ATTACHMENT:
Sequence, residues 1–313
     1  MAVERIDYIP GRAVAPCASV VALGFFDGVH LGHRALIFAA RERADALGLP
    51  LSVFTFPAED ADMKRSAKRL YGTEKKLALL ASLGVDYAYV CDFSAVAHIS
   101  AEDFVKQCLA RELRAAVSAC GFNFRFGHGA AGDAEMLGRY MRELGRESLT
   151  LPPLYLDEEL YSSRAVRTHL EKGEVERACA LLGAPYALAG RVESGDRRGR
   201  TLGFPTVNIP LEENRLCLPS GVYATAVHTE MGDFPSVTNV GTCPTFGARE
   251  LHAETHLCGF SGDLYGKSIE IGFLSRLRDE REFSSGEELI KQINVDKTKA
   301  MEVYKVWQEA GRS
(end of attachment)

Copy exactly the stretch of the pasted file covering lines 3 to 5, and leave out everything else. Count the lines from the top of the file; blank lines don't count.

    51  LSVFTFPAED ADMKRSAKRL YGTEKKLALL ASLGVDYAYV CDFSAVAHIS
   101  AEDFVKQCLA RELRAAVSAC GFNFRFGHGA AGDAEMLGRY MRELGRESLT
   151  LPPLYLDEEL YSSRAVRTHL EKGEVERACA LLGAPYALAG RVESGDRRGR